Justice for all

JBU Alum Joins International Justice Mission

By Linda Wyman '07
Saturday, July 12, 2008

“Speak up for those who cannot speak for themselves, for the rights of all who are destitute. Speak up and judge fairly; defend the rights of the poor and needy.” Proverbs 31:8-9

Before moving to Guatemala, before earning a law degree, before her first day of classes at John Brown University, Andrea Comfort ’04 was a little girl living in Kansas City who cared a great deal for the people around her. “I remember hating seeing the dorky kids get picked on at school by the cool kids, or the little kids getting picked on by the big kids,” she said.

After graduating from JBU, Comfort moved to Virginia Beach and then to Washington, D.C., to graduate from American University Washington College of Law in 2007. Then in 2007 she moved to Guatemala to work with International Justice Mission(IJM), a human rights agency that secures justice for victims of slavery, sexual exploitation, and other forms of violent oppression.

According to its web site, “IJM lawyers, investigators, and aftercare professionals work with local governments to ensure victim rescue, to prosecute perpetrators, and to strengthen the community and civic factors that promote functioning public justice systems.” IJM currently has operations in Cambodia, the Philippines, Thailand, India, Kenya, Rwanda, Uganda, Zambia, Bolivia, Guatemala, Honduras, and Peru. Andrea Comfort poses for a photo with a child she met on a trip to Honduras.

“In the practice of law, you can choose to be a defender of the big kid or the little kid,” Comfort explained. “Both have value in the legal system, but my Christian faith draws me toward protecting the little kid. I believe God calls us to fight for those who cannot fight for themselves as an expression of His love and justice on this earth.”

In Guatemala, Comfort has worked as a co-counsel to the Guatemalan public prosecutor on cases of child sexual abuse. Her diplomatic responsibilities lead her to meetings with the Guatemalan Ambassador to the United States, the Guatemalan Vice-Minister of Foreign Affairs, and the First Vice-President of the Guatemalan Congress, promoting legislation and discussion regarding the protection of child victims of sexual abuse and trafficking.

As part of her work with victim relief assistance, she visits client homes, determining levels of safety in homes, providing baby clothes to pregnant clients, removing children who remain in dangerous home situations, obtaining judicial orders to remove parent custody when necessary, and assisting victims’ parents in finding adequate employment to support their children. She spends her days building relationships with the people around her, evaluating what their needs are, and determining how she can best serve them.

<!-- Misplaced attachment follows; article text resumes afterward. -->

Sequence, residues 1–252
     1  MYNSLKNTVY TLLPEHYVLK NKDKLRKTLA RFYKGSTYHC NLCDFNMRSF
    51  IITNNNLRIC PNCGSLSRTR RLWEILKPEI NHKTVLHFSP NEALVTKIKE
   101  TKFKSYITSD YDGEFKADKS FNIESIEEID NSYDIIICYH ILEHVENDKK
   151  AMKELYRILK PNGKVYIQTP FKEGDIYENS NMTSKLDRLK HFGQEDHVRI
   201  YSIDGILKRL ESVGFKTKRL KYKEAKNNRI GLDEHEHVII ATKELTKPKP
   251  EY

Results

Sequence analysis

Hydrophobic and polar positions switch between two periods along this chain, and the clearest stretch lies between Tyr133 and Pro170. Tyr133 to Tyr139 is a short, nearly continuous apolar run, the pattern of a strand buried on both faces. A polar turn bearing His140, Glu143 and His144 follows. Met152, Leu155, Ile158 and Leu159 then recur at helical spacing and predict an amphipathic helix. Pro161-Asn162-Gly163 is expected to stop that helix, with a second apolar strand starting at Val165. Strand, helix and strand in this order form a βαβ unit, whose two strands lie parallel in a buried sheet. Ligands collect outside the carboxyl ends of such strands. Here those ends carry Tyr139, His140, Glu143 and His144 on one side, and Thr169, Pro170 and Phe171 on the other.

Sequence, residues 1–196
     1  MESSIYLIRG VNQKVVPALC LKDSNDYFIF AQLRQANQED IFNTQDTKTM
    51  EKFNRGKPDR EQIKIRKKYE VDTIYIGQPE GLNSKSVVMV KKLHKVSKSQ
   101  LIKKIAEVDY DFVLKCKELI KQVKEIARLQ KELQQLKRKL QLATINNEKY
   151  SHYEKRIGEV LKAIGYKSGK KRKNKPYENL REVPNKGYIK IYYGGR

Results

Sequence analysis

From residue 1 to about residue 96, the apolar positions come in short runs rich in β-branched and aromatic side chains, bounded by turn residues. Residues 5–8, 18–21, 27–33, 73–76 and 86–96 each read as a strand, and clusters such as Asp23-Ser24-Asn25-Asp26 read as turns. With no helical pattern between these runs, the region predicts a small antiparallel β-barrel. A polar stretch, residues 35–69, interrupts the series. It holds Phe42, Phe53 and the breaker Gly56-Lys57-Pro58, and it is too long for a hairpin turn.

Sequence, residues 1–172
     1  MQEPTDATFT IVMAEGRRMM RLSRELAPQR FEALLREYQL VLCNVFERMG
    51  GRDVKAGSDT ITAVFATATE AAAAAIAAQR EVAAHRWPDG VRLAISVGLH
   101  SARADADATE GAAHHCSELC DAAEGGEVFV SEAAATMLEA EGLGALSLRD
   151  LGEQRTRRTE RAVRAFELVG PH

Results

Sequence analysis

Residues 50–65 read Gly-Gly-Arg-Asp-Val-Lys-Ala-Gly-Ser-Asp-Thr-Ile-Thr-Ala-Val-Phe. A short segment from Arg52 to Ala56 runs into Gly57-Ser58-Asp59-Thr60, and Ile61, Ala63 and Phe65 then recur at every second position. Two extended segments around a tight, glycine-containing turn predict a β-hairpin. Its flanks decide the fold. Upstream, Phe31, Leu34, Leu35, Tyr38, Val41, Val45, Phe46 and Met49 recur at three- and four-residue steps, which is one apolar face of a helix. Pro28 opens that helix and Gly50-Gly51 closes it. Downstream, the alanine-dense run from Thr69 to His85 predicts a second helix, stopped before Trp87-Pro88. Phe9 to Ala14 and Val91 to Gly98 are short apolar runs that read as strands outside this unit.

Comfort first heard about IJM during a chapel service in her junior year at JBU, and she says, “My life was forever changed.”

“It was during my studies at JBU that I first came to understand that a human rights violation is a violation against the God who created that person,” she said. “My motivation to fight human rights abuses is first and foremost to defend the inherent dignity that God himself has placed in every human being.” Living in Guatemala, Comfort has seen firsthand human rights abuses and the people who endure them.

As a result, she has developed a more compassionate view of those in need. “I don’t see the poor [as being] nearly as pathetic as I use to,” she said. “On mission trips, I’d go and feel sorry for the poor, for their small houses and lack of running water. What I have realized through the people in Guatemala and my work here is that it is not poverty that bothers me anymore…it is injustice and lack of educational opportunities.”

Comfort’s decision to move to Guatemala and work with IJM came with a cost, which was, the prolonging of her student loans, which altogether give her six-figure debt. But for Comfort, who raises missionary support to work for IJM, the injustices suffered by the helpless were more a pressing need than her own financial security. “The law school system in America is created by big law firms, for big law firms,” she said. “I would like to do something to change this, to make it easier for people who truly desire to spend their legal careers serving the poor to do that without the restriction of loans.”

Comfort’s commitment with IJM ends this summer. She will move to Washington, D.C. to work as a federal judicial clerk with the Honorable Judge Eric Bruggink at the U.S. Court of Federal Claims. But even up to the end of her time in Guatemala, she has been fully committed to love and serve her neighbors.

“God has given me a gift of arguing with perseverance and a desire to defend the defenseless, which I believe reflects His heart to protect and defend His children,” Comfort concluded. “Every believer has different gifts given to them by God, which they can offer to the work of the Kingdom.”

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